Constantly consulting a sleep app can lead to unnecessary anxiety and most phone apps can’t identify your real sleep patterns. ‘The quest for a perfect night of shut-eye should not be dictated by a device, and your perception of a good night’s sleep should be measured by how you feel in the morning, not by what your app might tell you,’ says Dr Meadows, clinical director of The Sleep School in London. ‘An app which is making assumptions based on movement does not identify your different levels of sleep. Too many of us, it appears, feel we are failing when our app tells us we are not achieving the right amount of sleep. This sense of failure increases stress surrounding sleep, and the sooner we recognise that it’s the app that is failing us in terms of accurately identifying any issues, not our sleep, the better.’
3. Get to know your sleep type
It’s important to know your sleep type in order to develop a beneficial routine – and bedtime routines are certainly not one size fits all. Dr Nick Hales has worked with elite athletes and sports teams to help their performance through improved sleep, and recognises how important it is to understand your own genetic disposition and circadian rhythm. There are natural AMers who wake naturally early, love the morning but go to bed relatively early, whilst PMers get up later, often needing an alarm to get them going, might nap in the daytime, will stay up later, and like catching up on lie-ins at the weekend. According to Dr Hales. AMers should organise meetings and exercise in the morning when they are more alert, should try and get more daylight in the afternoons to give them a boost as energy levels drop, and think about investing in a daytime lamp for their desk to help. PMers could invest in a dawn-wake stimulator and aim to increase their daylight exposure in the mornings to get them going faster, and arrange meetings and schedule sports for later in the day when their performance is naturally better.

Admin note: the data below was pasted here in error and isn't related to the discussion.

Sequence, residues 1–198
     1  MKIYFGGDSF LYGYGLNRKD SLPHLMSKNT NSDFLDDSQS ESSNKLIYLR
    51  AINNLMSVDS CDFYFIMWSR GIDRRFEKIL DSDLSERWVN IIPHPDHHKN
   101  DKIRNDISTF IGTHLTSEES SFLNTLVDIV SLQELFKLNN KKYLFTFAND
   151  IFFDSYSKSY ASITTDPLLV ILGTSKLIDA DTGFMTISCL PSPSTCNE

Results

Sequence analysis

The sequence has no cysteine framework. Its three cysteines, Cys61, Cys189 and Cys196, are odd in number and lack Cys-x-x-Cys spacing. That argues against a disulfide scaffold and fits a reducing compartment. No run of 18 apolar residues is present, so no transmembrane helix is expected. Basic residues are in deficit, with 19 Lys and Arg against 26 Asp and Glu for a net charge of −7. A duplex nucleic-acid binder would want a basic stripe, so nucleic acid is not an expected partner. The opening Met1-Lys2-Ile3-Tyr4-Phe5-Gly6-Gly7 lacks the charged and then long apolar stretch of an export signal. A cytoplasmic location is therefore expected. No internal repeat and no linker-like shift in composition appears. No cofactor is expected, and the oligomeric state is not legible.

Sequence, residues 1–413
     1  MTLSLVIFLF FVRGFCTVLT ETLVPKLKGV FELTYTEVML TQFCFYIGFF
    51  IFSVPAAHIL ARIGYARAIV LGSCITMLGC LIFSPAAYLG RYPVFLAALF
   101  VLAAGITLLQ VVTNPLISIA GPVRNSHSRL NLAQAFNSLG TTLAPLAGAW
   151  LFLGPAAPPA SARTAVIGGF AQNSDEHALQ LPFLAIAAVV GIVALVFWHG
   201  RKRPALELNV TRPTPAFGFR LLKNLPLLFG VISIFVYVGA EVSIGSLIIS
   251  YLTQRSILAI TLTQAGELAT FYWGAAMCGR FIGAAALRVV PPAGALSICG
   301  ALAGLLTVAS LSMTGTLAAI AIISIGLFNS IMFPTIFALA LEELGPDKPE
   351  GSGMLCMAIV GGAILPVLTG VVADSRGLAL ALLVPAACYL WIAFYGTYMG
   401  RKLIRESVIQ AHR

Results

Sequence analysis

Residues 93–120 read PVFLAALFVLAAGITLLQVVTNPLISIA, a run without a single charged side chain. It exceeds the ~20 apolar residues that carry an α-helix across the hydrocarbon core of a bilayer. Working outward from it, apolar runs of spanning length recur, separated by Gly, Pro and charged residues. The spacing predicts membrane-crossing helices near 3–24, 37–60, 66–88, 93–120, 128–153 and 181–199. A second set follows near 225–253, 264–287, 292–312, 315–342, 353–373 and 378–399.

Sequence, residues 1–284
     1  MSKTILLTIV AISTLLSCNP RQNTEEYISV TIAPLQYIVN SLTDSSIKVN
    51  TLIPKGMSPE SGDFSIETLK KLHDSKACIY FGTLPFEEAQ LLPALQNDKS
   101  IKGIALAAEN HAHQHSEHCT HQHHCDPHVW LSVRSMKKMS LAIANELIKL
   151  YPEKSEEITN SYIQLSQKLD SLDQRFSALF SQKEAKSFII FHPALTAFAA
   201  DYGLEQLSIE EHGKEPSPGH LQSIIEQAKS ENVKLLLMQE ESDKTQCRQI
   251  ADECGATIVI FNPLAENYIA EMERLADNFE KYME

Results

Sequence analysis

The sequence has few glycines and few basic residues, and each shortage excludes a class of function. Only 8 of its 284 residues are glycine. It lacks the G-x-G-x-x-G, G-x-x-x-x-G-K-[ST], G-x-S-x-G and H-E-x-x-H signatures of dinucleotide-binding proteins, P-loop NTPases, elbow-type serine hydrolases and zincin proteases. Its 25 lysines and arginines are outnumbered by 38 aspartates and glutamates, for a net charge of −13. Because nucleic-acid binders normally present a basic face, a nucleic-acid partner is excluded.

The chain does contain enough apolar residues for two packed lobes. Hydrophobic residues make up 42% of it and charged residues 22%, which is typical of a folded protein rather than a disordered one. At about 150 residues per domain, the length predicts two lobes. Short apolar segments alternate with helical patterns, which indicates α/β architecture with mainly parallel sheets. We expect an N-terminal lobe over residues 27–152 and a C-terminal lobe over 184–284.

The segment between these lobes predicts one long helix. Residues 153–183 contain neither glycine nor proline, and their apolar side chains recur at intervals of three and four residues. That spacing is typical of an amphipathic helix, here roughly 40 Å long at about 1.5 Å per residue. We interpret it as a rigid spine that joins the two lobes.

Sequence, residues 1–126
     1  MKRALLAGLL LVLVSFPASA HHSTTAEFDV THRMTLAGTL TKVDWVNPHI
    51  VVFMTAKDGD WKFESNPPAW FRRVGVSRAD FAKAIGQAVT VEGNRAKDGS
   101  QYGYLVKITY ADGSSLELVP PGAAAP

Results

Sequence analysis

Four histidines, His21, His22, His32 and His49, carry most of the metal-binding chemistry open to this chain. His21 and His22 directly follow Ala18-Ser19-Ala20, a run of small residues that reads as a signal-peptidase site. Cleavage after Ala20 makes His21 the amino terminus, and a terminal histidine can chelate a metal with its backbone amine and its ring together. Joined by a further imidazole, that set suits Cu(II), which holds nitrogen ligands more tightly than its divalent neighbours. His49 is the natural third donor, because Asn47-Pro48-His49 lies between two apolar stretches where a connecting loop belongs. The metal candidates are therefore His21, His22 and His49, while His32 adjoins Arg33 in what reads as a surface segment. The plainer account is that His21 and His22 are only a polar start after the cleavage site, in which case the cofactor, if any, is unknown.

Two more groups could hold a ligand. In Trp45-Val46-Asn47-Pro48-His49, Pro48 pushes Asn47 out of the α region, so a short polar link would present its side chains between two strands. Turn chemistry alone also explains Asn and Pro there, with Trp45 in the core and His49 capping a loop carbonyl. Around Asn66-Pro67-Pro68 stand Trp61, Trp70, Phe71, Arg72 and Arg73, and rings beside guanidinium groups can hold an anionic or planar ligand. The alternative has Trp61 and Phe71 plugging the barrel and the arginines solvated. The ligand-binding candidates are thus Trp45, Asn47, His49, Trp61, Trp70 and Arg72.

Everyone can benefit from better pre and post-sleep routines. ‘Your pre-sleep routine should begin 90 minutes before your sleep time and should contain some simple activities that are going to get you ready for sleep,’ Dr Hales advises. ‘For example, you can write down anything important that happened during your day or plan the following day. You should also avoid blue light and make your room slightly colder (16–18C) than the rest of your house if possible, so you are moving into a cooler environment. Always keep your pre-sleep routine the same – this gets you into a routine that lets your body know it is time for sleep.’
5. Take time to get some sunlight
As our days get shorter, it’s important to expose ourselves to some daylight. Dr Hales goes on to recommend a post-sleep routine. This should last for 90 minutes from when you wake and will set you up for the day. ‘During this time, make sure you are exposed to as much daylight as possible and take time to eat breakfast, and do some gentle exercises and tasks around the house before work or daily activities.’ We also recommend a mid-morning or lunchtime walk, to help you get some much-needed sunlight exposure and aid your body clock.